Posted By JerriCook on September 2, 2014
Photo Source: Library of Congress
The chances are pretty good that you either know a “birther” or have had the misfortune of crossing paths with one on social media. The Birther movement began during Barack Obama’s first campaign for President, and although the noise has died down in the past few months, the movement’s adherents remained steadfast that the first Black President was born in Kenya. Of course, they offer nothing in the way of solid proof, and what they do offer points to an altogether different, and far more logical conclusion: Before he was President, Barack Obama learned how to use Academia’s racial and national prejudices, along with its innate bias to add a little cash to his pocket. (more…)
Posted By JerriCook on August 14, 2014
Image Source: Fotolia.com
You wouldn’t think hyperlinking would be all that controversial or a material risk consideration when building and maintaining a website. But the threat of damage to your reputation, brand, and financial security are very real, and even though your web developer may be able to upload code to a site, unless they are also aware of the need for active site management and auditing, you could find yourself on a path to hyperlink Hell.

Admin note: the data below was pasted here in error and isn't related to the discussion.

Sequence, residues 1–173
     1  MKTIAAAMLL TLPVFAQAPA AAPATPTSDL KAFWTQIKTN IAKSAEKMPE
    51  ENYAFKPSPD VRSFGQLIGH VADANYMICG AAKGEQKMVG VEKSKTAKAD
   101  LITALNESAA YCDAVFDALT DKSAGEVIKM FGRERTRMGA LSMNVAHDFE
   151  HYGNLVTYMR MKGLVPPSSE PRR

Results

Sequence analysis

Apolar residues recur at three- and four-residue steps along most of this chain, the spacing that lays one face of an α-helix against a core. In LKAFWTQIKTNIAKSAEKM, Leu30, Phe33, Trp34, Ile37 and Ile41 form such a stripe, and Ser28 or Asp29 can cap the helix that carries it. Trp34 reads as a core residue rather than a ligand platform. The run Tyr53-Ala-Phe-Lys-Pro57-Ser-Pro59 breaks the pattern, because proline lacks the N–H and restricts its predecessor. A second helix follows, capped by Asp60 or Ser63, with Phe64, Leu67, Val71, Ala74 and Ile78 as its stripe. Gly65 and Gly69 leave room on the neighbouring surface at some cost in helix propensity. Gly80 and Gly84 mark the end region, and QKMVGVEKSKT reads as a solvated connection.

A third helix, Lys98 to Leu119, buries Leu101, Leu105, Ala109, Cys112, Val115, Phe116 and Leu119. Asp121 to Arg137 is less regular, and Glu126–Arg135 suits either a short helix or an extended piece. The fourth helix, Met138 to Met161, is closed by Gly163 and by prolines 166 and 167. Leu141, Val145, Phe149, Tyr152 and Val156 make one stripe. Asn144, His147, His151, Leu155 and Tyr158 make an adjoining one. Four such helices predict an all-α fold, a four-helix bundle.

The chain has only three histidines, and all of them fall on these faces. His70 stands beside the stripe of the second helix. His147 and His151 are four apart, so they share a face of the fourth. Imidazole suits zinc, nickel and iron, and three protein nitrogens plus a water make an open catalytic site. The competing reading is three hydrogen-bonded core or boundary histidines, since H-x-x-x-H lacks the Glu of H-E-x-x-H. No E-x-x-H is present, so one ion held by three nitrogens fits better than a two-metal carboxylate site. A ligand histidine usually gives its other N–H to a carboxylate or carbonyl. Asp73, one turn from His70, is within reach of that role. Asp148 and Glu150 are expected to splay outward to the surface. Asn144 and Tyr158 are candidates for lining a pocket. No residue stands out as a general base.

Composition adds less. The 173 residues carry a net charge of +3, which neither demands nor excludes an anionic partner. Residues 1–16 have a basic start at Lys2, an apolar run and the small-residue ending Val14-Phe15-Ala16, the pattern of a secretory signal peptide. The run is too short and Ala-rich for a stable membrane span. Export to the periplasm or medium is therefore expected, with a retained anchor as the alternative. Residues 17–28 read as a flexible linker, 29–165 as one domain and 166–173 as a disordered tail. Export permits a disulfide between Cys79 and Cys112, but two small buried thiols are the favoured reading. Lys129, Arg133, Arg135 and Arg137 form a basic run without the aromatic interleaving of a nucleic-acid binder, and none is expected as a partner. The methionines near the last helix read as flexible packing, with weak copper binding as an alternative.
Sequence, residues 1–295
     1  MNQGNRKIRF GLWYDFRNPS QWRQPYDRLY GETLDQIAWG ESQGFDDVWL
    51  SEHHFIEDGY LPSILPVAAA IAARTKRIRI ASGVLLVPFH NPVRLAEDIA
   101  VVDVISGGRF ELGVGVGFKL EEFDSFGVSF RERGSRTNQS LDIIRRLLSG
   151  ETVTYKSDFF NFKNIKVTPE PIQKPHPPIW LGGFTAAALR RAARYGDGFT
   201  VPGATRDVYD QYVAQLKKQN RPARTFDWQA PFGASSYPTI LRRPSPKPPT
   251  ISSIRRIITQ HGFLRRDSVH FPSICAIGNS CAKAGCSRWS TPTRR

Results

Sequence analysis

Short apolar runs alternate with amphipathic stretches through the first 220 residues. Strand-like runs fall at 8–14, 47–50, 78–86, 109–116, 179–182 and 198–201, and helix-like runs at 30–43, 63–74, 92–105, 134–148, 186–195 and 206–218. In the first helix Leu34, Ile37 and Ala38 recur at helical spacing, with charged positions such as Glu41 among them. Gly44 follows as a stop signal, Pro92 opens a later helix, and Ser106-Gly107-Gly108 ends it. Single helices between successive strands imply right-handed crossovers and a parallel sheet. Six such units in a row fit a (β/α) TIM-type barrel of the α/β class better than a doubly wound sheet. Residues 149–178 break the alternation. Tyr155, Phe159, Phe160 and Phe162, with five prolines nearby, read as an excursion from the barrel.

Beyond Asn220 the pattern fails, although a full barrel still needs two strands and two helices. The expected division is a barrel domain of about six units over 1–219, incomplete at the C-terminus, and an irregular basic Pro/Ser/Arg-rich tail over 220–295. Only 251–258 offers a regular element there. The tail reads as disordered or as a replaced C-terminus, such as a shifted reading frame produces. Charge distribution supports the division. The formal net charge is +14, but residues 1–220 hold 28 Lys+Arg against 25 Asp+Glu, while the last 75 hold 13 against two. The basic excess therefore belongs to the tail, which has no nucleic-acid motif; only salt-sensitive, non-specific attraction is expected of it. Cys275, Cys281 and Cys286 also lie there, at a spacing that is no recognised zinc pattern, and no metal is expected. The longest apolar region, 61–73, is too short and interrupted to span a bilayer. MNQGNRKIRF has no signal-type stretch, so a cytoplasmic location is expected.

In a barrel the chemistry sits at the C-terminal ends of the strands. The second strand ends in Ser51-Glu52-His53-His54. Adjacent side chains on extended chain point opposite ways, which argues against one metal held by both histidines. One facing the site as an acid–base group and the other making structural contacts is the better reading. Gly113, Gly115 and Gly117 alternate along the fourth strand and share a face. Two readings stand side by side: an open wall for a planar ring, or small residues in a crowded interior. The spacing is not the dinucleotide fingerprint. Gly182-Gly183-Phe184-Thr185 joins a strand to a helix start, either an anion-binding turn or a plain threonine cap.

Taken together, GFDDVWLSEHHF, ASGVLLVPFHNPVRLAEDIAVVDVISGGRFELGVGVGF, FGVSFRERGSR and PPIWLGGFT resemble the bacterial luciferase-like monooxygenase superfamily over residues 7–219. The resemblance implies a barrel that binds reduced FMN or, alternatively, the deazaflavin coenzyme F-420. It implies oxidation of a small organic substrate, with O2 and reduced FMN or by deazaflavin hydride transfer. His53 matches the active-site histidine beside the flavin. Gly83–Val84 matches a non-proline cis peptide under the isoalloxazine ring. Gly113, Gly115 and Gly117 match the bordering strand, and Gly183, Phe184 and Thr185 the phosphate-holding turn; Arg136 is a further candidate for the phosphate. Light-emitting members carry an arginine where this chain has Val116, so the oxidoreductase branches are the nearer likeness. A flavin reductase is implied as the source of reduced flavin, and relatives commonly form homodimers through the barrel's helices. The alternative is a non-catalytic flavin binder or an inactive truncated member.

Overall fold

Posted By JerriCook on August 11, 2014
How would you like to take a trip to the parched ends of the Earth, or as the locals call it—California, to defend an action brought in a Superior Court because of something you said, did, or sold on your website? If this isn’t your idea of a good time, keep reading. California’s internet privacy laws have changed the way the internet works. Coupled with a long-arm statute that gives California courts the most liberal and extensive reach in the country, California’s online privacy laws make anyone who operates a business or personal website highly susceptible to being summoned into court in there.
California’s Absolute Right
Image Source: Fotolia.com
California took the lead in attempting to protect individual privacy on the internet with the enactment of The California Online Privacy Protection Act (“CalOPPA”). The law, which became effective in July of 2004, subjects website owners to legal actions by California residents claiming their privacy rights have been violated. Residents of California have an absolute right to know how their information is being collected and used in cyber space. If you operate a website and receive a request from a California user asking you to tell them what information you are collecting and how you are using it, you have 30 days to post that information or face a lawsuit for non-compliance. (more…)